We review NVIDIA’s newest GPU
NVIDIA has a pretty solid track record when it comes to releasing a new permutation of their GeForce GPUs. The first wave of a new architecture show off the raw power of the hardware, and a year or two later the company announces tweaked versions of the cards with a Ti suffix that denotes better performance and thus better value. While the new GeForce GTX 1080 Ti don’t necessarily make the previously released Pascal GPUs obsolete, it’ll make people think twice about buying a GTX 1080.
That’s because the GTX 1080 Ti is simply the better of the two cards, both on paper and in performance. Short of buying their new Titan Xp graphics card, the GTX 1080 Ti is currently the top dog when it comes to consumer GPUs.
NVIDIA’s Founder’s Edition cards have typically been boring affairs visually, and the GTX 1080 Ti is no exception to that rule. It sports the same die-cast aluminum cooling shroud with a single fan, low-profile backplate and copper vapor chamber. There’s not much in the way of LED lighting, save for the one behind the GeForce GTX branding on the side with the requisite green lighting.
The shard design of the card isn’t for everyone, but no one can deny its branding prowess – you’re not going to mistake the design for anybody else’s anytime soon. Personally we like the card’s simple and elegant design.
NVIDIA has tweaked the layout of connections on the rear of the card, removing the antiquated DVI port, which leaves users with just HDMI and DisplayPort connectors. While the removal of the DVI port will leave a few users annoyed, it’s for the greater good – the space freed up by removing it allows the card to have double the airflow compared to a Founder’s Edition GTX 1080, thanks to an increase in exhaust area.
The card also has a new seven-phase 2x dual-FET power design for better power delivery and efficiency, and the GTX 1080 Ti has a 250W TDP via its 8-pin and 6-pin PCIe power connector.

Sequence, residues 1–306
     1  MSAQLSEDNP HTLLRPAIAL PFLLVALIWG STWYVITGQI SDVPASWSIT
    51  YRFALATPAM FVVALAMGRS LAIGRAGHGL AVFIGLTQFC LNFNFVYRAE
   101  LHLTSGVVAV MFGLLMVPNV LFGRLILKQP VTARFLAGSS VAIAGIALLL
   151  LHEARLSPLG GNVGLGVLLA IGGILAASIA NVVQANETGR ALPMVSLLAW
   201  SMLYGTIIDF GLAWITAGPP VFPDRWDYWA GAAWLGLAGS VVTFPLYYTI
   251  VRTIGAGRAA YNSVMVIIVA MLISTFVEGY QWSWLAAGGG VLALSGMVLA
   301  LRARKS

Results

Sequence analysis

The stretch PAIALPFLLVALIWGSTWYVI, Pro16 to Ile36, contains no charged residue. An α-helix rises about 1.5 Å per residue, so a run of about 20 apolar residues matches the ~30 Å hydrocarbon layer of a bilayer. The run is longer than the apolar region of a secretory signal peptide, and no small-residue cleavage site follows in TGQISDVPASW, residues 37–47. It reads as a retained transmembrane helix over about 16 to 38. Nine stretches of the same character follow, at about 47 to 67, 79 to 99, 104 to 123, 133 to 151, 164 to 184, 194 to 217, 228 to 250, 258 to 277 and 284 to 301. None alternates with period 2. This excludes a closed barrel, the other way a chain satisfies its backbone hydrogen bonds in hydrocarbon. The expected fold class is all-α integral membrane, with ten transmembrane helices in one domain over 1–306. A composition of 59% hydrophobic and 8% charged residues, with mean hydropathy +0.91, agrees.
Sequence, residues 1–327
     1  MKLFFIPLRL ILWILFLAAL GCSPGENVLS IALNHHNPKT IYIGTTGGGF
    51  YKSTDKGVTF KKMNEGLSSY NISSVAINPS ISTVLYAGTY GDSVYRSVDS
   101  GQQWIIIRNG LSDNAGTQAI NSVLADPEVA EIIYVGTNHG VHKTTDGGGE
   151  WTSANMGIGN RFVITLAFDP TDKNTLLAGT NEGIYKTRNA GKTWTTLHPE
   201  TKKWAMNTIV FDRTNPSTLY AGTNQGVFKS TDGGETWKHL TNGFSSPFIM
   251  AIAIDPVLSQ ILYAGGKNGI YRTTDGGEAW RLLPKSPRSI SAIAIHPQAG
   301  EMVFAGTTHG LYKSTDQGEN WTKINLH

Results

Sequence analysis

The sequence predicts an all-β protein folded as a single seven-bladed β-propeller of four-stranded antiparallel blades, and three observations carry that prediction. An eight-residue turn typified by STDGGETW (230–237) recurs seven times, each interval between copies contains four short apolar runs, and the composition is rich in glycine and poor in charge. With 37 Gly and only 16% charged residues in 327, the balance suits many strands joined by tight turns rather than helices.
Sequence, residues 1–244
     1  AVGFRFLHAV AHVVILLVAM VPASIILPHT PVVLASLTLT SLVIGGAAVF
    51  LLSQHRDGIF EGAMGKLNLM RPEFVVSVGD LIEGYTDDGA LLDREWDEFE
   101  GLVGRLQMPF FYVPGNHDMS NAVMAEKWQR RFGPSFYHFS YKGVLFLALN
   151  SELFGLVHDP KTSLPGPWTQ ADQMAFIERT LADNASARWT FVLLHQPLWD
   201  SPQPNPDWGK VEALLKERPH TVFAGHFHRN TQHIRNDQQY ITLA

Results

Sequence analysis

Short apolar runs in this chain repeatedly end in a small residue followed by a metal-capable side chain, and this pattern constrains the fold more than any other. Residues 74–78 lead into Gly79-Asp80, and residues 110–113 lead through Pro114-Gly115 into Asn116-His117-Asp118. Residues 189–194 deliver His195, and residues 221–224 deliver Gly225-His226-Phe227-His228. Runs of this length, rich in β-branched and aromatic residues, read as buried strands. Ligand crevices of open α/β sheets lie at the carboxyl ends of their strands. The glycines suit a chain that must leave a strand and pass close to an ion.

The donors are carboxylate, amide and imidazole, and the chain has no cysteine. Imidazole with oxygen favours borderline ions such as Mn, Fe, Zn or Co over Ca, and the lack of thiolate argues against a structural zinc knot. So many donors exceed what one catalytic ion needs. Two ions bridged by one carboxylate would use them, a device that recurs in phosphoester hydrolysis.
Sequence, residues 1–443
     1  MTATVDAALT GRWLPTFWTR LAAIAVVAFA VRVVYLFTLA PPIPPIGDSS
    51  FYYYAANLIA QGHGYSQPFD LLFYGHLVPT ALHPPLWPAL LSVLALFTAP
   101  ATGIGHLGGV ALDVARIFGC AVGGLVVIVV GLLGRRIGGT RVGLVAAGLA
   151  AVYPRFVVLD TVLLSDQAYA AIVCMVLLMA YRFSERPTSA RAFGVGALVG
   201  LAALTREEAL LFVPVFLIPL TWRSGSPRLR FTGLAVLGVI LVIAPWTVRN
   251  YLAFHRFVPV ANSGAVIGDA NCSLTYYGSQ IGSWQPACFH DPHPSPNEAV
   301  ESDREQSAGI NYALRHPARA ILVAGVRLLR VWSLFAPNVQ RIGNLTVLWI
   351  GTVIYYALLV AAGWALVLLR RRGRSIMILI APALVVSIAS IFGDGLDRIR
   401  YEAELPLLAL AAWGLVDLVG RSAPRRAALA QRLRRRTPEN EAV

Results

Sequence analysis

As fast as the Titan X at almost half the price
NVIDIA’s newest and baddest card uses the same Pascal architecture as the company’s previous top dog, the Titan X. The GP102 GPU on the GTX 1080 Ti has the exact same amount of CUDA cores enabled, and has a higher base clock compared to the Titan X at 1480MHz. Probably the only thing that the Titan X has over the GTX 1080 Ti is slightly more VRAM – 12GB compared to 11GB on the GTX 1080 Ti. While we’re on the topic of memory, know that the GTX 1080 Ti has faster memory speed for its GDDR5X VRAM, at 11GHz.
Owners of NVIDIA’s Titan X cards who paid the patently ridiculous $1,200 street price when they were first launched are probably miffed that a card that’s almost half the price has the equivalent performance, at least on paper. Then again, the Titan X wasn’t meant for gamers when it was launched.
Plug and play, in ultra settings
So, does the GTX 1080 Ti manage to improve over the regular GTX 1080? Absolutely. From what we saw in our benchmark tests, the GTX 1080 Ti managed to outperform the GTX 1080 at least 20%, in some cases even 30%. That’s great news for people who’ve been planning to pull the trigger on a top-of-the-line video card from NVIDIA and haven’t bought a GTX 1080 before. People who did buy GTX 1080’s are probably fuming right now since the GTX 1080 Ti will cost roughly the same as the GTX 1080 when it first launched, with a suggested MSRP of $699 (Php 35K).
Just like before our test system comprises of an Intel Core i5 6400 Skylake processor, an ASUS B150M Pro Gaming motherboard, 8GB of DDR4 RAM, 256GB SSD and a 5TB 7200RPM HDD.
While we weren’t able to score a 4K display to test the GTX 1080 Ti’s performance in that particular resolution, know that other outfits have thoroughly tested the card and found that the GTX 1080 Ti’s performance to be more than enough for general 4K gaming. The card is also a great performer in VR because of its raw number crunching abilities – expect to blow through most VR titles without any issues whatsoever.
Probably our only gripe with the Founder’s Edition GTX 1080 Ti that was lent to us was it tended to run hot. In a 28 degree room, we recorded temperatures as high as 86 degrees running the Haven benchmark. We had to tweak the fan settings of the card so that it operated in a safer sub 75 degree temperatures while gaming.
Verdict: The new king of the hill
NVIDIA’s GTX 1080 Ti is undoubtedly one of the fastest video cards that you can buy today, the new Titan Xp notwithstanding. What’s even better is that it has the same price as the regular GTX 1080 when it first launched a few months ago, at $699 (Php 35K). Unfortunately you’ll have to shell out quite a bit more for the card here in the Philippines, with prices starting at 38.5K for a Founder’s Edition card. NVIDIA has also cut the price of the regular GTX 1080 to just $500, but again you’ll have to trawl sites like TipidPC.com to find a card that’s within NVIDIA’s MSRP.